Hattie McDaniel led an extraordinary life. The first African-American to win an Academy Award, she still had to sit in the back of the ballroom until it was presented to her. A woman who played servants and slaves with a subversive wit and humor that left no doubt who held the upper hand, she was nonetheless attacked by the NAACP for perpetuating stereotypes. A strong woman who overcame many adversities, she continues to receive recognition for her amazing life, even fifty years after her death. Joan Ross Sorkin’s (mis)Understanding Mammy: The Hattie McDaniel Story is the latest nod to her remarkable achievements and it is a very thorough one.
The play imagines Hattie McDaniel (Capathia Jenkins) at the end of her life, slowly and painfully dying of breast cancer in the Motion Picture Hospital. Heavily medicated, she hallucinates a visit from Walter White, the president of the NAACP, a man who attacked McDaniel both professionally and personally for the roles she played. Presented with an opportunity, she proceeds to tell her story and tell him off.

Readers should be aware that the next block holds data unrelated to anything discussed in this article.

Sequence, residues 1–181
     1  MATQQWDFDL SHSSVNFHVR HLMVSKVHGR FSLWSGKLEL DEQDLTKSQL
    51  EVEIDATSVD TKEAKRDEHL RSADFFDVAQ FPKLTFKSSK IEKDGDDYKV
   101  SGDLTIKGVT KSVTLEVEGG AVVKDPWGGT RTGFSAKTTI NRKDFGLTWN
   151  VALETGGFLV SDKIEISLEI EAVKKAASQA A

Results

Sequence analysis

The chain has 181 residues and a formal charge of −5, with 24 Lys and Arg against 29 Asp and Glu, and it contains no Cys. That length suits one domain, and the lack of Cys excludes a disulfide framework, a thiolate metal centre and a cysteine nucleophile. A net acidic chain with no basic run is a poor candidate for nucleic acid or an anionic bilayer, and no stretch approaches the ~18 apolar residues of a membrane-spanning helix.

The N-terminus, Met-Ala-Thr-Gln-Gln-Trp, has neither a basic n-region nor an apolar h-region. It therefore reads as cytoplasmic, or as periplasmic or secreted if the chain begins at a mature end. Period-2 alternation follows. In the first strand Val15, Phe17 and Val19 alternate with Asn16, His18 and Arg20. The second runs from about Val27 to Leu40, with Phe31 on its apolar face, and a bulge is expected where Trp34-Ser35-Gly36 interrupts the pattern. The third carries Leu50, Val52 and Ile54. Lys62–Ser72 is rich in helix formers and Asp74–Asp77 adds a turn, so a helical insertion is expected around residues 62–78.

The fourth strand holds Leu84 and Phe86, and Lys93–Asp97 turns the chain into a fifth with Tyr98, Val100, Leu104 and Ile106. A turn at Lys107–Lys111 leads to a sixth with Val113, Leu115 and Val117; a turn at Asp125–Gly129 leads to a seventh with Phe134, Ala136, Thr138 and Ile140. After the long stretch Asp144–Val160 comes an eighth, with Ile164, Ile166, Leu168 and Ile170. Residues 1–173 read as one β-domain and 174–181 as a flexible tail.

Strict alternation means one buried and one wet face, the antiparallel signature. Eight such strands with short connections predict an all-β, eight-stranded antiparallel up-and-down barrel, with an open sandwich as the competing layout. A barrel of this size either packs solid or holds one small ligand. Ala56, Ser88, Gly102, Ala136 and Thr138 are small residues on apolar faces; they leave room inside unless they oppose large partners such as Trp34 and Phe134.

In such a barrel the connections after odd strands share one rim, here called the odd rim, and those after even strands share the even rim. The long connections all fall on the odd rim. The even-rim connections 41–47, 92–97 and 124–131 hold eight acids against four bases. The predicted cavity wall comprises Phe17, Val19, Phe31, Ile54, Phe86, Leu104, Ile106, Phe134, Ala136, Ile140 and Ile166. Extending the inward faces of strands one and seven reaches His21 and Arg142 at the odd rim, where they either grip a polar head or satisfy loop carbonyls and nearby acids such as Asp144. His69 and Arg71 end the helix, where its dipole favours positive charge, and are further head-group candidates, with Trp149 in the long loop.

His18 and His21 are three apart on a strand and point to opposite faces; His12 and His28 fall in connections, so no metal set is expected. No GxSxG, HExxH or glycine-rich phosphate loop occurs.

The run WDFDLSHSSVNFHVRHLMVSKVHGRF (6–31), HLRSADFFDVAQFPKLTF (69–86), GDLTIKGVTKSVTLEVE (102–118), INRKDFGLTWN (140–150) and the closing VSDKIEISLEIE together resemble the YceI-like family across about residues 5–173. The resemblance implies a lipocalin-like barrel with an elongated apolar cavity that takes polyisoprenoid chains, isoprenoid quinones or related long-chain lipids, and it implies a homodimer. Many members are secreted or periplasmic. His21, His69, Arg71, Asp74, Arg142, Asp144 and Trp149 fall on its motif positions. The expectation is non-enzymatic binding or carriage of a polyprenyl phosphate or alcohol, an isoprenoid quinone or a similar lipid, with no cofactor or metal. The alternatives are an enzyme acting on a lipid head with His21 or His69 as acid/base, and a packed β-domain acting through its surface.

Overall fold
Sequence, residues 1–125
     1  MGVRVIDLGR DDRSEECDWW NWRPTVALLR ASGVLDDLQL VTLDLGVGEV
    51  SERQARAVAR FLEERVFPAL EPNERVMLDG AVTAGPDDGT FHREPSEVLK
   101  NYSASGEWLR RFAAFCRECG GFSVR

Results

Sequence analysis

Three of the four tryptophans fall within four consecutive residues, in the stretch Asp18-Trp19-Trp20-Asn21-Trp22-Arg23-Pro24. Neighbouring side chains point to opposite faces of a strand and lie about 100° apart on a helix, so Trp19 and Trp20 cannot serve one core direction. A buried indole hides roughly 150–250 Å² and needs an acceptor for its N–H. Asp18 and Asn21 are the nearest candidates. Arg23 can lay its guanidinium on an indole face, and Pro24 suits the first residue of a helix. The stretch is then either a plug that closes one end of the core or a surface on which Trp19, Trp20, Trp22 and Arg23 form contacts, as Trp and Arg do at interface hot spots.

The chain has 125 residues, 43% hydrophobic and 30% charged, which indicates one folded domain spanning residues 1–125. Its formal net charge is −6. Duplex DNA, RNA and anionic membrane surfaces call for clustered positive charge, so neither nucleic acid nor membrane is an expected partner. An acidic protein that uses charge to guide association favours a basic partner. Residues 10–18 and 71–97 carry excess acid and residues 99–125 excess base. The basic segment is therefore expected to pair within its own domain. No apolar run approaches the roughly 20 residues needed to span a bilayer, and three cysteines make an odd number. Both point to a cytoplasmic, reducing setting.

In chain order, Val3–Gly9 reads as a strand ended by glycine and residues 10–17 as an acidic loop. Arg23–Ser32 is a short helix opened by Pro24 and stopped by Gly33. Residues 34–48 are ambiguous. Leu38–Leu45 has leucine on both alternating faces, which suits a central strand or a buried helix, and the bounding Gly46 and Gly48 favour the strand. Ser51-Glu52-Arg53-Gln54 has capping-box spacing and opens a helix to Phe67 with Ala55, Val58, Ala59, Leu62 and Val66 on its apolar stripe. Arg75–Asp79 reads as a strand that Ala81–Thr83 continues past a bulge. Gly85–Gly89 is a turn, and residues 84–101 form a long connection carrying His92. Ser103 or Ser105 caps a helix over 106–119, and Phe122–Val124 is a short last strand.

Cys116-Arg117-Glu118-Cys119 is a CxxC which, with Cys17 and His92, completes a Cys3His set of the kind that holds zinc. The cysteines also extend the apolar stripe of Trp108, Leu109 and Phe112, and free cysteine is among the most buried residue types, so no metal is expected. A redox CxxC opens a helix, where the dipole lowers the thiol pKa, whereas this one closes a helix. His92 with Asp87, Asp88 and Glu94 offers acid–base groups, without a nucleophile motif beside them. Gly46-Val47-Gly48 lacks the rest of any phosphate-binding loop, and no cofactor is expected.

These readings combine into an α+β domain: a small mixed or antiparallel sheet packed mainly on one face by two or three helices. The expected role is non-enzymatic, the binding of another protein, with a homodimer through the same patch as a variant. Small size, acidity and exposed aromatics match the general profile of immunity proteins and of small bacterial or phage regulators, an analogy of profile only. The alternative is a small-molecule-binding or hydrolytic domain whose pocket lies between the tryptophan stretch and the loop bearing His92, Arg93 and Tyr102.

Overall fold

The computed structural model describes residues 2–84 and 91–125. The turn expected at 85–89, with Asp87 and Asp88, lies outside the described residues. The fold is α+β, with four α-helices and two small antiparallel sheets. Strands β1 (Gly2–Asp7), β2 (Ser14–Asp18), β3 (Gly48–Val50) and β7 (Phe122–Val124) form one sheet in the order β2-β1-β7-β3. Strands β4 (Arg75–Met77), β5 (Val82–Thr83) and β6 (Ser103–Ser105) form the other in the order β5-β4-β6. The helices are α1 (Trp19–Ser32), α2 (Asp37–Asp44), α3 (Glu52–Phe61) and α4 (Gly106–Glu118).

Sorkin’s play does an excellent job of presenting the broad sweep of McDaniel’s life, following her career from its beginnings, weaving in her problem marriages, anecdotes about Hollywood stars she knew, and her troubles with the NAACP. It is this very thoroughness that occasionally makes the play seem as though it were written with a school assembly in mind, rather than a theatre audience. Fortunately, when Sorkin’s work begins to sound like a history lesson, Capathia Jenkins grabs the audience by the lapels and demands attention. Jenkins’ Hattie is a formidable woman; one who will not be dismissed by racists, Walter White, or even the cancer that will eventually kill her. Regretfully, although (mis)Understanding Mammy is billed as a play with music, there is too little singing, and Jenkins magnificent and powerful voice is underutilized. However, when she does sing, prepare to be amazed.
Those people walking into the show with only a passing familiarity with Hattie McDaniel’s work will leave with a detailed picture of a woman who worked hard to get what she wanted out of life and succeeded despite personal and professional hurdles. And they will most certainly be entertained along the way.
Copyright 2007 Byrne Harrison
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